LONDON Global banking regulators meeting in early March are not expected to reach agreement on capital requirements rules to keep lenders stable in a crisis, two people close to the talks said.
Approving any deal would be difficult until U.S. President Donald Trump's Administration appoints a new top financial supervisor at the Federal Reserve, the people said.
"There will be appointments in the United States and we have to be a little bit patient. There is a sequence for these things," one of the people said. "Will there be an agreement in the forseeable future? Then, yes."
The Basel Committee of banking regulators from nearly 30 countries meets on March 1-2.
Last November it was unable to reach a deal on reforms to inject more consistency into how banks assess risks from loans to determine the size of their capital buffers.
The reforms supplement a global "Basel III" accord already in place, forcing banks to hold more capital after lenders had to be rescued in the 2007-09 financial crisis.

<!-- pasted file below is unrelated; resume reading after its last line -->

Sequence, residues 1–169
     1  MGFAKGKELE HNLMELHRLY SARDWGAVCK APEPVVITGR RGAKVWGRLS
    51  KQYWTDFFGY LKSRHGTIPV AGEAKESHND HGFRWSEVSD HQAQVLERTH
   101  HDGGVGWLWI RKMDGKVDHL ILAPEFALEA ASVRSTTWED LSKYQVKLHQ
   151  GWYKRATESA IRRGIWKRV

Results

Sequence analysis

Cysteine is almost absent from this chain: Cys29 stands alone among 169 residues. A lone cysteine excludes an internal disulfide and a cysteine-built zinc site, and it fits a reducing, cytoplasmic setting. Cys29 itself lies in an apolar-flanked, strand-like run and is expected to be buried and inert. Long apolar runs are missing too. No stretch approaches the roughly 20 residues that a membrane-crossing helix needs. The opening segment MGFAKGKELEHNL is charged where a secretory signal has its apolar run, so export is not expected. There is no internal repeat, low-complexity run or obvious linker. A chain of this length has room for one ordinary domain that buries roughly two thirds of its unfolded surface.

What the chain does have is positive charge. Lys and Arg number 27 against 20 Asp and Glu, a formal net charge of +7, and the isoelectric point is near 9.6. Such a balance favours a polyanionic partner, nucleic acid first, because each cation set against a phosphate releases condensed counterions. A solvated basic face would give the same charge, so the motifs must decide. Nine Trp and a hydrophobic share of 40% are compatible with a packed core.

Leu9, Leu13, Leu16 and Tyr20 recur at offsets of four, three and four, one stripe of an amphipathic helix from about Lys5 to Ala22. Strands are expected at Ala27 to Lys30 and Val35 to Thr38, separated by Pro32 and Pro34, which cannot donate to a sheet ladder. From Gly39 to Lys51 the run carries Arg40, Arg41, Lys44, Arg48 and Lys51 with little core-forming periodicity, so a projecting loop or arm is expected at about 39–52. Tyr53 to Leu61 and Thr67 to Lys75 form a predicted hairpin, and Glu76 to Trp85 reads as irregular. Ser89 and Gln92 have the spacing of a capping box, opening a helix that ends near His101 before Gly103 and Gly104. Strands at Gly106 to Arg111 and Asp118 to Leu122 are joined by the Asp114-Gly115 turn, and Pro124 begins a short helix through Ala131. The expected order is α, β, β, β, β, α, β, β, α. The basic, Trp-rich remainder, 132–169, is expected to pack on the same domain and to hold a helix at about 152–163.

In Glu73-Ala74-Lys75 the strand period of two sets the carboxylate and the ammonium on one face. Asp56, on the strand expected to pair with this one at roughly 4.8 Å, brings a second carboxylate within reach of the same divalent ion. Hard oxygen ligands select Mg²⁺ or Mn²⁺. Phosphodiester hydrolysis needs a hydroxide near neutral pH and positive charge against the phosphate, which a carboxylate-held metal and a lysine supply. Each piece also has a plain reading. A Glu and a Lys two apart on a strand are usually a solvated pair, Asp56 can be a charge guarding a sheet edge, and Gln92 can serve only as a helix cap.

Basel's oversight body, the Group of Central Bank Governors and Heads of Supervision (GHOS), had to postpone a January meeting aimed at brokering a deal because of splits over finer details.
The Basel Committee has largely done what it can and now it is up to GHOS, a body whose members includes the Fed.
The committee had no comment on Thursday.
Regulators are anxious to see who Trump will name as Fed banks supervision chief after he signed an executive order to review regulation to help banks lend more.
It triggered concern in Europe that a global approach to banking rules would be fragmented.
Some European regulators expect the United States to focus more on easing rules that are specific to U.S. banks and not ditch global standards altogether.
"What's important is that U.S. regulators remain committed to coming back to the Basel table. We are patient," one of the people said.
On Wednesday Fed Chair Janet Yellen was asked by a lawmaker to avoid agreeing new Basel rules until Trump had named the central bank's top financial supervisor.
"Nothing going on in these international discussions binds us to carry out things in our rulemaking process," Yellen replied.
(Reporting by Huw Jones; editing by Susan Thomas)